My new mate Bertie…

Behonset, which do you like better the old or the new?

Be honset, which do like better the old or the new?

God, I can be so dammned reactionary sometimes. I hated it when those beautiful white Fairy Liquid bottles with their green print and red caps were switched for a more modern, cleaner clear bottle. And I just hate it when anything is modernized from the perfectly good and beautiful just for the sake of being updated.
And it’s happening all over Champagne. Witness the new cleaner bottles with their shortened foils and smaller labels. It is a fad started by Selosse and Co, and I’ll admit the first bottles looked good, but then everyone is doing it and the effect has been lost. And in reality, it is because everyone wants to ape the success of Jacques Selosse

Now, I have long been looking for a champagne to call my own, as it were, and I have also long been intrigued by the little known and little produced speciality Crémant de Cramant.

Cramant is a 100% Cru (Grand Cru) village on Champagne’s Côte des Blancs to the south of Chouilly and east of Epernay. Crémant de Cramant is a champagne produced with lesser atmospheric pressure in the bottle and a less vigorous mousse. It’s most famous apparition is the rare to find version produced by Mumm & Co. in Reims. However, it is produced by other producers and in my research I stumbled on Champagne Lilibert & Fils, who produce a version called “Perle”. (Crémant de Cramant is no longer an accepted official term).

Bye, Bye Bertie...

Bye, Bye Bertie…

I finally ordered some samples the other week and opened up a bottle of Perle last night. I am quite eager to go and visit because not only are their champagnes recognised as good by the great and good of the wine world (Antonio Galloni, Richard Julin etc) but their style is delightfully old world. To produce the anachronym of Crémant is one thing, but they have also retained a delightfully old world habillage – complete with the medals they won back in the forties which gives them a certain historical gravitas.

They produce three champagnes, a non-vintage wine, a vintage wine and the crémant de cramant. All are Blanc de Blancs, all are 100% Grand Cru. The non-vintage wine contains grapes from Chouily and Oiry as well as Cramant. The current vintage on sale is the 2007, of which I have yet to drink a bad bottle from any producer…and a little age is always nice.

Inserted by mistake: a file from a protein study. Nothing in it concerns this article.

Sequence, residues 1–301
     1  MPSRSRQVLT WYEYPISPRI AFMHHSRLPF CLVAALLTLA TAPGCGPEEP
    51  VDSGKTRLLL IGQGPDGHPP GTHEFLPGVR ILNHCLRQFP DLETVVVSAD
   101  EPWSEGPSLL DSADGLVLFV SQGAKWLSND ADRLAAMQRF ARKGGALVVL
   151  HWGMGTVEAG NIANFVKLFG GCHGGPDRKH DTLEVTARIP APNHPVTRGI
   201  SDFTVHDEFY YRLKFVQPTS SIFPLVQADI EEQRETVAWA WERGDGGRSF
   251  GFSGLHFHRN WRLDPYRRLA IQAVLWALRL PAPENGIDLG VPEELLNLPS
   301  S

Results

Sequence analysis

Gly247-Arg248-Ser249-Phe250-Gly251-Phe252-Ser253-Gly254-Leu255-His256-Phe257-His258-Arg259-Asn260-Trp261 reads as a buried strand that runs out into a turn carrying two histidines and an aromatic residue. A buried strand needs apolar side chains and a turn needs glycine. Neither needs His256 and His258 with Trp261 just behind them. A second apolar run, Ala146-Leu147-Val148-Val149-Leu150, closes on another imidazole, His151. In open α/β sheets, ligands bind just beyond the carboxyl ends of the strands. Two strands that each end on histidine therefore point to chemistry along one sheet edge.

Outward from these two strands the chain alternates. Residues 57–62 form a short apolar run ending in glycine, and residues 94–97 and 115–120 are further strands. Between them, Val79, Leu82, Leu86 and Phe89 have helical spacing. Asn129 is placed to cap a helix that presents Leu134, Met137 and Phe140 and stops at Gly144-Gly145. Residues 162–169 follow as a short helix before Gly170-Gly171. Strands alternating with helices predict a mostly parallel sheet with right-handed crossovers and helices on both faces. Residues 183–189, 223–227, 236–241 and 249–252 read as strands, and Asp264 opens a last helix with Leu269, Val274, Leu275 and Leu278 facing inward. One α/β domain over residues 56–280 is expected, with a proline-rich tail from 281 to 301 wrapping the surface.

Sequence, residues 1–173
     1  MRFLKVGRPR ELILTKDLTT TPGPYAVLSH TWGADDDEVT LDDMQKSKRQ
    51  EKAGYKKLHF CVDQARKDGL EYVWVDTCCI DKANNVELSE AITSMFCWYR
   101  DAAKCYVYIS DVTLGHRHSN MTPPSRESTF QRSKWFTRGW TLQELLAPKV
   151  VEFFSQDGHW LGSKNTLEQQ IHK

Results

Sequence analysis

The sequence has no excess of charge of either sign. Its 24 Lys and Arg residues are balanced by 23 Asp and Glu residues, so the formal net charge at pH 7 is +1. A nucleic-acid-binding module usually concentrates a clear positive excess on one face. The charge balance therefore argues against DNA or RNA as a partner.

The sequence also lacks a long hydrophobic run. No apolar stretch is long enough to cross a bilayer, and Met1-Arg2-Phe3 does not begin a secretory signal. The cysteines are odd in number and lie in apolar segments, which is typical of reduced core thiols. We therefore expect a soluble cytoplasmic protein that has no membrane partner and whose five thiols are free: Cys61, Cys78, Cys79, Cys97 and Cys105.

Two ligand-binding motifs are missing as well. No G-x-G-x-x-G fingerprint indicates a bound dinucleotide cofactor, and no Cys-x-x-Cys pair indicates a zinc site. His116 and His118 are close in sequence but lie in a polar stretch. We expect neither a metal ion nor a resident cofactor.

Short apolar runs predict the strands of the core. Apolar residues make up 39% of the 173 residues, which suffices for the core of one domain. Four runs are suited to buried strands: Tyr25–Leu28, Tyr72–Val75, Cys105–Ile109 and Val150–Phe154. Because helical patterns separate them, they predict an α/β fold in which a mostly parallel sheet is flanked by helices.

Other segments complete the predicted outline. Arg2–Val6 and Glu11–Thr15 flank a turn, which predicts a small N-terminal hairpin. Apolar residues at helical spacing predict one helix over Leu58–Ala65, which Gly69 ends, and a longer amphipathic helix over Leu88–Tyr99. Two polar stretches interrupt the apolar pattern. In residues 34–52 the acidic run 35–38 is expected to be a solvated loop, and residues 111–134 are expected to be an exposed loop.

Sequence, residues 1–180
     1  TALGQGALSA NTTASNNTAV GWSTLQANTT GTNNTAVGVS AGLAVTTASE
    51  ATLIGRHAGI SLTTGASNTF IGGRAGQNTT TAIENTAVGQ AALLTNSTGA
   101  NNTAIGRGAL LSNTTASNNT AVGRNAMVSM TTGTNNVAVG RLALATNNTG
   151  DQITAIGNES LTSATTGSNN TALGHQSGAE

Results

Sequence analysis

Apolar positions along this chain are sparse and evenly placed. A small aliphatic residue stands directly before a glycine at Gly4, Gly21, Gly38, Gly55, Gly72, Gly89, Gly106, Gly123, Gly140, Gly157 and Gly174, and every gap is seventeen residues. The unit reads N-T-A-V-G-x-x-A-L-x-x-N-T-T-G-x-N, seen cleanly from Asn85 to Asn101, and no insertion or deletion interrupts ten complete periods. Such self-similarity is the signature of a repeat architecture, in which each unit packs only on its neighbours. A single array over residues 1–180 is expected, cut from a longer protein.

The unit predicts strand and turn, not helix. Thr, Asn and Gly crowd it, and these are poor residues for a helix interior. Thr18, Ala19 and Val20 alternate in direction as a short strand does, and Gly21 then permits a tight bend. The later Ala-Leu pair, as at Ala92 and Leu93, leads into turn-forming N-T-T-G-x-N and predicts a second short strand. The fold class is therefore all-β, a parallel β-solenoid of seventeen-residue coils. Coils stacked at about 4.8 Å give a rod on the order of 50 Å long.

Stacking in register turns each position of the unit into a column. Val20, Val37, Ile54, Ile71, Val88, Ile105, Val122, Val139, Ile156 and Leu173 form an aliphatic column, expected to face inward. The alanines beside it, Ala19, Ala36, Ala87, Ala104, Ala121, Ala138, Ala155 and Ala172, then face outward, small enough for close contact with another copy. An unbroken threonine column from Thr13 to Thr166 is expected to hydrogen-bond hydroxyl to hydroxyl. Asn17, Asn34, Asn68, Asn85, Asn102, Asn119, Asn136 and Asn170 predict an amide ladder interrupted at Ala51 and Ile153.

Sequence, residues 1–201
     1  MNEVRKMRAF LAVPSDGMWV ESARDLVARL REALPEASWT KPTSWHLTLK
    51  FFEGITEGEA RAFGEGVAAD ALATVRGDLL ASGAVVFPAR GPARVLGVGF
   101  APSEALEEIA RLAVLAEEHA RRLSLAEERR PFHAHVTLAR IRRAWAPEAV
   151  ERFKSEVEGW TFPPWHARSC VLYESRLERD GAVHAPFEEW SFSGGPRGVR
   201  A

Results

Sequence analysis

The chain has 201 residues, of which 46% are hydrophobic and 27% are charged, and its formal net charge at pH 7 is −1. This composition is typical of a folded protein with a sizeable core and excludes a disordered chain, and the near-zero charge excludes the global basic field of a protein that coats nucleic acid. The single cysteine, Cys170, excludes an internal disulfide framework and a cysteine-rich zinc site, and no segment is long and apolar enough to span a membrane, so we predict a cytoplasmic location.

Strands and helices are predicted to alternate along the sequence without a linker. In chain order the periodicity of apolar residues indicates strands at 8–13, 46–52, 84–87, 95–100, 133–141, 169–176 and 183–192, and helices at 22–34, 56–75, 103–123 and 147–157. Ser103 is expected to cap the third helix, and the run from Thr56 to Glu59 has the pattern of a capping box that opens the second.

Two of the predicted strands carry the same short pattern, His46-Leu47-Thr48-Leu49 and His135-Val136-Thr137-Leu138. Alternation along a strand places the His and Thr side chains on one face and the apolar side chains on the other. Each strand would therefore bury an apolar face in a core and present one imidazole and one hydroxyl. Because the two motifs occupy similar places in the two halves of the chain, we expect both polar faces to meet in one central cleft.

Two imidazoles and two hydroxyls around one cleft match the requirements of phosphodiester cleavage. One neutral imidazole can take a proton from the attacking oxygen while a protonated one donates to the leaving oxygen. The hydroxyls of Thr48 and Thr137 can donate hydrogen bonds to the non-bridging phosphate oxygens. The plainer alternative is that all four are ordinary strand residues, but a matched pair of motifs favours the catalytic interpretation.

The non-vintage Perle is slightly disorientating at first. If I was to be unkind I’d say it’s slightly like drinking a spritzer…lots of wine but little fizz. But on a second approach it is very calming. The bubbles are extremely fine, regular and persistent. In the mouth the texture is one of écume, of sea foam rather than fizz and it is pleasantly unagressive.

The Chardonnay flavour is overwhelming, but the taste is also chalky and saline. It is very dry so I suspect quite low in dosage and has a delicious minerality. It strikes as a bit of a lunch wine. Something that would accompany salty fruits de mer, oysters and scallops.

When I look back and consider the price of other small champagne producers such as Jean Marie Gandon I have sold, the price is not cheap. But to be honest the gulf in quality is enormous. By the time I last opened a bottle of Gandon, the nose was enough to make me heave, whereas here, there is a lightness and elegance of fruit.

It is interesting when I consider my days at Moët et Chandon; back then I could drink champagne all day and every day, indeed that was my job (there are worse -ways to earn a living), but today I could not. But with Lilbert et Fils, I think I have a proposition that could become at least a monthly affair.

By the by, I note that The Wine Society have taken them on and that they currently offer the Perle at £32 a bottle. I think I can better that. Elsewhere, and )articularly in the branded market, champagne prices have spiralled. Moët and Veuve Clicquot command price tags of up to 3à plus euros for their non-vintage versions…but here we have a small, local production champagne at a much more attractive price point. Indeed, now more than ever, less is more.

Albion Vins Fins:

NV Lilbert & Fils 75cl € 25 (halves and magnums available too)

NV Perle Lilbert & Fils 75cl €30 (Wine Society €38.40 per bottle)

2007 Lilbert & Fils 75cl €40

Prices Ex-cellar Dijon

About matthewhayesbrognon

Wine Merchant
This entry was posted in VF - Pour encourager les autres. Bookmark the permalink.

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